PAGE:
We chose late September for the Japan workshop of our project ‘Building Resilience to Environmental Change in Marginalised Coastal Communities’, supported by the ESRC-AHRC UK-Japan Social Sciences and Humanities Connections fund. Along with myself as Principal Investigator, my RGU colleagues Dr Leon Moller of the Law School and Yi-Chen Huang of the School of Applied Social Studies travelled to Japan for a week of presentations, discussion and site visits.
We were hosted by our Co-Principal Investigator Prof Midori Kawabe at Tokyo University of Marine Science and Technology, and joined also by our Co-Investigators Dr Jun Kita and Dr Hiromitsu Onchi of the Marine Ecology Research Institute. For the first two classroom-based days, TUMSAT masters students taking Prof Kawabe’s Education for Sustainable Development course also sat in for the presentations and discussion.
Day one was given over to getting to know what everyone does, as a foundation for identifying linkages between our different disciplinary backgrounds. Yi-Chen kicked us off with an overview of the environmental impact assessment controversy surrounding the Miramar Resort in eastern Taiwan, before Leon gave a very comprehensive overview of the laws of the sea. After an informative presentation from Onchi-san on the work of MERI (his first ever presentation in English!), Kita-san gave a very informative and useful talk on what natural scientists need from social scientists for effective environmental assessment. In the last session of the day, I used the Twitter controversy around the 2018/19 Hokkaido earthquakes and the Tomakomai CCS project as a case study of how natural and social sciences collide in unexpected ways.
The second day acted as an introduction to the existing RGU-TUMSAT work on the coast of Fukushima Prefecture – one of our study sites for the project. This started with a straightforward description of the geography in Fukushima and an overview of what happened in 2011, followed by a technical presentation from Prof Kawabe on the process of fisheries restarts. I then took over again and the session descended into a bewildering overview of the culture of coastal Fukushima, covering everything from Rakuo Café au Lait and deep-fried mehikari, through to Tamayakko Kitagawa and Naraha Channel community TV. Rather more earnestly, the purpose of this session was to give those unfamiliar with the context an opportunity to think about what they might like to ask later in the week…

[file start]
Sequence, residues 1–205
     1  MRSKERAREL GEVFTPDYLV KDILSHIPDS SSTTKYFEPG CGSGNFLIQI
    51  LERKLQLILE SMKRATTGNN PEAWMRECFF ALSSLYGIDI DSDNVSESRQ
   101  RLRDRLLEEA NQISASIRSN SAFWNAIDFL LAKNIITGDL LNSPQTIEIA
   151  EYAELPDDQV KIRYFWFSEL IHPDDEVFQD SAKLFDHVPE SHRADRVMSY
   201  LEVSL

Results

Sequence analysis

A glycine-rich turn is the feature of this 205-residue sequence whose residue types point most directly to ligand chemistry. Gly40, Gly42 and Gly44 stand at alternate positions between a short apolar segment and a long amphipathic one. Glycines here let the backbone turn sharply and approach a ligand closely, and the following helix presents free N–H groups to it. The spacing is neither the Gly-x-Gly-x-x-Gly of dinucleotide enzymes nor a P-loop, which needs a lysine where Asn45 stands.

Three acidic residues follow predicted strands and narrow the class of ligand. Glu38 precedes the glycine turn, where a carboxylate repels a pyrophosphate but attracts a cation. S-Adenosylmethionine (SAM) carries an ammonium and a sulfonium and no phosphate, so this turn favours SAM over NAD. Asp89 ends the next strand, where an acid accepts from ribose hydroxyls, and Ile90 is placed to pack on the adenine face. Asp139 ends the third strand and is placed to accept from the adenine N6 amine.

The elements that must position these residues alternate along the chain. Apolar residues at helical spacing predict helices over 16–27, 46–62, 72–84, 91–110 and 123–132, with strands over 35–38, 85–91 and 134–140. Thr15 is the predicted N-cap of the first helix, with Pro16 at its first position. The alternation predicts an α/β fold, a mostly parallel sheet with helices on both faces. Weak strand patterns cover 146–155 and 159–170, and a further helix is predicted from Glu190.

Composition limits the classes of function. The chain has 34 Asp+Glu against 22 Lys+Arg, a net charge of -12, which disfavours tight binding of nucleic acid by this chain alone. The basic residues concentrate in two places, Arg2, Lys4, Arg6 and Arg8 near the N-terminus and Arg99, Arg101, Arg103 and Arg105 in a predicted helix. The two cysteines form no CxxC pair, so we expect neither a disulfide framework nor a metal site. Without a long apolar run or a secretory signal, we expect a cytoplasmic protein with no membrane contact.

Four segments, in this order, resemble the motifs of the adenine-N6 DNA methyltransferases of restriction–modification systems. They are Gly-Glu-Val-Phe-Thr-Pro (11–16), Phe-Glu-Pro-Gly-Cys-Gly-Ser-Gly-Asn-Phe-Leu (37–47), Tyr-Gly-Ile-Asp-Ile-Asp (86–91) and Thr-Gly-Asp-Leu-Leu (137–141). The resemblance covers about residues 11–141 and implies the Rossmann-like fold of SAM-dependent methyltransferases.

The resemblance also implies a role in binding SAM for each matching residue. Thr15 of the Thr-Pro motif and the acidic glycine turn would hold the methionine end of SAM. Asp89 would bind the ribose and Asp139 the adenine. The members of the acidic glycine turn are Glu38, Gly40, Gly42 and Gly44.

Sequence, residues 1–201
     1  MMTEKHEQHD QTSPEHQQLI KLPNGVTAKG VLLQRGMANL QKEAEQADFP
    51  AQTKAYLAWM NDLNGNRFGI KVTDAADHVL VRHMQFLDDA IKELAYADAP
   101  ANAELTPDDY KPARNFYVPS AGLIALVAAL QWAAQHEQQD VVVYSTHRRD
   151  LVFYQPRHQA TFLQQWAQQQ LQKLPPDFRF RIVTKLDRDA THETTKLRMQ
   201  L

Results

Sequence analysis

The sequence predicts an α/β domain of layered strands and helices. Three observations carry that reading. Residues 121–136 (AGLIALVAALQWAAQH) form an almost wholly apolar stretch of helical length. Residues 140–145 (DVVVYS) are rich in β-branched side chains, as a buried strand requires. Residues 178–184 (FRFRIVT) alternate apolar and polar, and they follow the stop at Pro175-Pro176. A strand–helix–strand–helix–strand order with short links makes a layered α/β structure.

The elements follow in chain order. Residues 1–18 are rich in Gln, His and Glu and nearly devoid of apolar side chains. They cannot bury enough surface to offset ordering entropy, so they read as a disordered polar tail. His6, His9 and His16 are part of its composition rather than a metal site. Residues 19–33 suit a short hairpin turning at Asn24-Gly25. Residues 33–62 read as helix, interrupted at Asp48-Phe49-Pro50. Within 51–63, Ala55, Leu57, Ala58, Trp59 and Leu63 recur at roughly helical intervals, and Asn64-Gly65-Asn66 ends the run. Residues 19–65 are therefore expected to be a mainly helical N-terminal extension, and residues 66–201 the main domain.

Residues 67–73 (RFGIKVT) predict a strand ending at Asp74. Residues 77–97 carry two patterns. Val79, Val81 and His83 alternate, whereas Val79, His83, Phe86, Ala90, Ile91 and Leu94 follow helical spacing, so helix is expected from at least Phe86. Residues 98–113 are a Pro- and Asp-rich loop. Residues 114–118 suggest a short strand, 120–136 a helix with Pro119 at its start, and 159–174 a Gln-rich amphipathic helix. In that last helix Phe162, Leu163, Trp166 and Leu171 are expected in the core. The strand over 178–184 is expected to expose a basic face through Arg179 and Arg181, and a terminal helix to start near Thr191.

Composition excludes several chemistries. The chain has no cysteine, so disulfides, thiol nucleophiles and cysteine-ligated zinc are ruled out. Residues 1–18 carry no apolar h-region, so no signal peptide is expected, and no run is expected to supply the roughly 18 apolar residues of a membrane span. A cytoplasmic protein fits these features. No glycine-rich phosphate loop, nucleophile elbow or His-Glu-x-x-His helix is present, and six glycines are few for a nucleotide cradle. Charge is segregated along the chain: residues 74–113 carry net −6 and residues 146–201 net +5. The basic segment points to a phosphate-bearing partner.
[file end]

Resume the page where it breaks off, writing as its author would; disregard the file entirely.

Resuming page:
…which leads nicely to 9.08am Wednesday morning, when six of us loaded onto Hayabusa 8 and shot off in the direction of the Fukushima coast. Two trains (and one near-miss with a self-heating bento box in which I almost scalded myself with steam) later, we were at the Soma-Futaba Fisheries Cooperative Association headquarters. There, six officers from Fukushima Prefecture and a team from the cooperative were putting on an international workshop, and had gathered eleven fishers to tell us about life as a fisher in Fukushima in 2019. The prefectural fisheries officers did a great job facilitating the discussion and noting down the key points. An interesting dimension to the afternoon concerned translation. One table (mine) operated in Japanese, with translation from Soma Dialect for my benefit. A second table, where Leon was sitting, had Japanese-English translation thanks to Wakamori-san, a bilingual undergraduate TUMSAT student who grew up in the USA. The third table, where Yi-Chen was, used Japanese-Chinese translation thanks to the presence of Gu-san, another TUMSAT student who had joined us for the trip to Fukushima. After an afternoon of intense discussion, we had the chance to sample some local seafood (and sake) during dinner with the fisheries officers.
It was then up early for breakfast and onto the Joban Line south to Odaka in Minamisoma. Odaka was evacuated following the nuclear accident, and the evacuation order remained in place until 2015. Since then, the community has seen significant revitalisation effort, which Karin Taira (proprietor of The Lantern House and a fellow University of Edinburgh graduate) met us off the train to show us. Over half a day we saw a market of fresh farm produce grown by a cooperative of female farmers, tried local sushi, sampled high-quality coffee from Odaka Micro Stand Bar, and heard from the owner of the Futabaya Ryokan, who returned after the disaster to re-establish her business. Yoshikawa-san of Appreciate Fukushima Workers also stopped by to share some insights on the debate on whether to release water containing tritium from the Fukushima Dai’ichi nuclear plant into the Pacific Ocean.
Unsurprisingly, everyone fell asleep on the shinkansen home.
Some of us were still asleep on the last morning too, as we worked to identify areas of interest and possible research questions based on the previous days’ discussions. Nonetheless, we finished on time and with a good consensus on the next steps. Thanks most of all to Prof Kawabe for arranging everything at one of the busiest times of the year for their university!
Thank you as always to the Economic and Social Research Council and the Arts and Humanities Research Council for supporting this work under grant number ES/S013296/1